It's just an artefact of the way that the associativity is derived from the grammar.
The reason that addition is left-associative is that one of the productions for additive-expression is additive-expression + multiplicative-expression, with the additive-expression on the left. So when you see:
a + b + c
this must be equivalent to
(a + b) + c, because the only way to match the production is with
a + b as the additive-expression and
c as the multiplicative-expression.
a on its own is an additive-expression, but
b + c is not a multiplicative-expression and so
a + b + c doesn't match the production if we try to take
a as the additive-expression.
If you haven't before, I recommend that you read through the "Expressions" chapter ignoring the semantics: look only at the grammar productions. Then you'll see just how it is that precedence and associativity are defined by the grammar. The big trick is that every "high-precedence" type of expression IS-A "lower-precedence" type of expression. So every multiplicative-expression is an additive-expression, but not vice-versa, and this is what makes multiplication "bind tighter" than addition.
Prefix unary operators are defined in the grammar like: unary-expression: ++ cast-expression and so on, with the operator on the left for prefix and on the right for postfix. In other words, we "insert the parentheses" on the left for postfix and on the right for prefix. That is, we can say that the grouping is left-to-right for postfix operators and right-to-left for prefix operators. And indeed the C++ standard says exactly that (5.2/1 and 5.3/1 in C++03). It might be an abuse of terminology or at least a new coinage to refer to this unary grouping as "associativity". But it's not a major one since it's obvious what must be meant.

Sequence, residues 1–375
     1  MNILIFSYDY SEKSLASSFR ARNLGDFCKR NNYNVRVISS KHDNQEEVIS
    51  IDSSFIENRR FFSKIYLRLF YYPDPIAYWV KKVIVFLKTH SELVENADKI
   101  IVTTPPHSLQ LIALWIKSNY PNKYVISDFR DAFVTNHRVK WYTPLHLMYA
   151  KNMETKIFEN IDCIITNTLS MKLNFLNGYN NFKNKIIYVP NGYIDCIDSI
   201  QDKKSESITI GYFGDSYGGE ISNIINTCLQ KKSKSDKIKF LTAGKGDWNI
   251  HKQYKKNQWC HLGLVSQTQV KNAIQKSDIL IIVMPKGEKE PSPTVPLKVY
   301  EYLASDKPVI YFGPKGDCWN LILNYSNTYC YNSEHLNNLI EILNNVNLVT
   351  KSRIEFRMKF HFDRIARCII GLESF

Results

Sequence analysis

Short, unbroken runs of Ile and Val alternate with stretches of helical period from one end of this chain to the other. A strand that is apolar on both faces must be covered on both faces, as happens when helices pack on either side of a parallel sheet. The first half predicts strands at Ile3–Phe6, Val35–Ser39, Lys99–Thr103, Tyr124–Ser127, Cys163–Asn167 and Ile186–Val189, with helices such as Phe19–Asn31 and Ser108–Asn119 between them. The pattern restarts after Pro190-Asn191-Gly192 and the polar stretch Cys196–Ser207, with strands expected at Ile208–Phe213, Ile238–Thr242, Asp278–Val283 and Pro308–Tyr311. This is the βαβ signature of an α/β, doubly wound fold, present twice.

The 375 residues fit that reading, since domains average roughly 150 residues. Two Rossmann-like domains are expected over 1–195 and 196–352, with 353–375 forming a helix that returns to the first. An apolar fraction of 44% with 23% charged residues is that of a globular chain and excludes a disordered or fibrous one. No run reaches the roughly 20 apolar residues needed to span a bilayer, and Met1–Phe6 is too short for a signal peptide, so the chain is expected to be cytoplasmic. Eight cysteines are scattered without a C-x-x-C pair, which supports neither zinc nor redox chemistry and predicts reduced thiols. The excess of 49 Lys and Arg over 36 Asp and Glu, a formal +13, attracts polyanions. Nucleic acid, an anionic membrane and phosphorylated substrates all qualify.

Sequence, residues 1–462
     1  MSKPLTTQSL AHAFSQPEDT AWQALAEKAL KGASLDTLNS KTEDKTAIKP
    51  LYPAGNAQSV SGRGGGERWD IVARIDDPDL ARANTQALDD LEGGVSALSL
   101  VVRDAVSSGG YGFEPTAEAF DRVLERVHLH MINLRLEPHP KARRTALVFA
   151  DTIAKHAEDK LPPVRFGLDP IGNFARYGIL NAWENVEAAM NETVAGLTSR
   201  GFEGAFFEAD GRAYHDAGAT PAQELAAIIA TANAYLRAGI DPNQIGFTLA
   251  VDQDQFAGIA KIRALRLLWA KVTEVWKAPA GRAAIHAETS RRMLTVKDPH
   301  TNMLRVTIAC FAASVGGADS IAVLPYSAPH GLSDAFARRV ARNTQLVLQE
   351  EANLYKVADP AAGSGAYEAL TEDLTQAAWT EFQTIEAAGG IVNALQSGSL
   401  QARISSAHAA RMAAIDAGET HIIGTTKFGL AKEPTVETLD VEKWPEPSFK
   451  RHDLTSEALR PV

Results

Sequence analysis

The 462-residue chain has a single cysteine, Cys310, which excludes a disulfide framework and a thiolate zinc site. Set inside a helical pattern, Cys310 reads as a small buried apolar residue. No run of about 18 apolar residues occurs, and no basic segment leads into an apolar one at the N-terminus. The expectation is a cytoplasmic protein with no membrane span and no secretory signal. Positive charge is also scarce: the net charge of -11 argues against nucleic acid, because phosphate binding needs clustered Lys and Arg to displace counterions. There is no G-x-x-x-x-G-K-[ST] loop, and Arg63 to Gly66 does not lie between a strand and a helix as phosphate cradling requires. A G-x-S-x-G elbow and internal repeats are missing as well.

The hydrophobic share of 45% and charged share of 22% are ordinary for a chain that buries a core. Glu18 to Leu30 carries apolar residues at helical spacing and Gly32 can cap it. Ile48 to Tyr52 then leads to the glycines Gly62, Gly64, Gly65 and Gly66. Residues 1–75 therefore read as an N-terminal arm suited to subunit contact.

The only difference here between binary and unary operators is that the syntax would still make sense if the binary operators grouped in the opposite direction, so
a - b - c means
a - (b - c). It would be surprising but would not otherwise affect the language. With unary operators it would be more than surprising to group
(!!)a, the language would also have to supply a meaning for the sub-expression
!!, which currently it doesn't have. A functional language could give it a meaning:
!! might mean the function composed from
!, i.e. the same operation as
static_cast<bool>(), but C++ has no concept of composing functions or operators. The reason C++ doesn't need to supply that meaning is that
! "groups right-to-left". Which (because of the big trick in the grammar) is just another way of saying that
!! is not a syntactically correct expression so is never a sub-expression of anything.
So yes, it does make sense to say that prefix operators group right-to-left and postfix operators group left-to-right. But it's also "obvious" that it must be this way around, because of other things we know about the C++ language.
Btw, I think that technically speaking in C++ at least, postfix
++ is not a unary operator. It's a postfix operator. But that really doesn't matter except that it's the terminology in the standard, because obviously it is an operator and it has one operand, so is "unary" in English.